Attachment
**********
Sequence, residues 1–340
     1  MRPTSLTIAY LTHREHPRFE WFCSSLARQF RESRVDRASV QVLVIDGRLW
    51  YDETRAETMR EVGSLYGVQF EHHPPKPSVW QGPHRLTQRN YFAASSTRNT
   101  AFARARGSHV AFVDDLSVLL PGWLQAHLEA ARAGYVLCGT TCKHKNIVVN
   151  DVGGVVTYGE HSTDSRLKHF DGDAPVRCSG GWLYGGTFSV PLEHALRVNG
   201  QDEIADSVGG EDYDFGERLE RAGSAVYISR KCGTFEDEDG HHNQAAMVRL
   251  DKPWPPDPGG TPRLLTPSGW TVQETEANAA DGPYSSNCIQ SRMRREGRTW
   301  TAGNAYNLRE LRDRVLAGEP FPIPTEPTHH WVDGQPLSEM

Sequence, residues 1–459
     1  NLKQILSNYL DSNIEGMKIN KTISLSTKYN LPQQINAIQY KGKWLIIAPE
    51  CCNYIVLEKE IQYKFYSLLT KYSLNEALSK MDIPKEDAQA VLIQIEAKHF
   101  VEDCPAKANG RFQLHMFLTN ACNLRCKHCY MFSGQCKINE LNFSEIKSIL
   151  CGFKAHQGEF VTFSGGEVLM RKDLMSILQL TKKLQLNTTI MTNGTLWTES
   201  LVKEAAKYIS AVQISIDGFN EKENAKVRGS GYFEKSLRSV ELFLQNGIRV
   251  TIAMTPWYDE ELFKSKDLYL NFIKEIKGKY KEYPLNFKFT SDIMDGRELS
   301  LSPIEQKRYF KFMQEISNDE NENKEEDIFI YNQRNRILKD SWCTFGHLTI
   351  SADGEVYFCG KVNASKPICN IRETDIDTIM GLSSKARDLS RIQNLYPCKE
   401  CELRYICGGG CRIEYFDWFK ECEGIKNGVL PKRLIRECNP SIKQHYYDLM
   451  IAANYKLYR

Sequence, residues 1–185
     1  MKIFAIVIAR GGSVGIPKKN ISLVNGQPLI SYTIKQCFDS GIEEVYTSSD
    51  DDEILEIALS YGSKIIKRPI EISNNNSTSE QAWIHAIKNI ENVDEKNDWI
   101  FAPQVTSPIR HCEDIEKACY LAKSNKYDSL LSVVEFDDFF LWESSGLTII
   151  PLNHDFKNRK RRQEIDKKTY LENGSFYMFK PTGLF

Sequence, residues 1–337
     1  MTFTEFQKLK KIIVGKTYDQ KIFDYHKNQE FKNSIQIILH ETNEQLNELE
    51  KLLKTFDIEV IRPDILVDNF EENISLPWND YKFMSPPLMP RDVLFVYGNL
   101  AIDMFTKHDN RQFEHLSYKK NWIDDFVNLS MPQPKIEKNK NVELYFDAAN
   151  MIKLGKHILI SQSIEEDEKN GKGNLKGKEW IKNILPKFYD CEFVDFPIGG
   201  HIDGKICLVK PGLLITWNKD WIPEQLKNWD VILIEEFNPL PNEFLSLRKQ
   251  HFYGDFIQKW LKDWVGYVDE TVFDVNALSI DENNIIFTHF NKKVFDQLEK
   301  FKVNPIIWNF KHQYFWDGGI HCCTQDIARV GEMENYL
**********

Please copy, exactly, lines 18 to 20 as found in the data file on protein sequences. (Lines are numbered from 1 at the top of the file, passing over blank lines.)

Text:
   401  CELRYICGGG CRIEYFDWFK ECEGIKNGVL PKRLIRECNP SIKQHYYDLM
   451  IAANYKLYR

Sequence, residues 1–185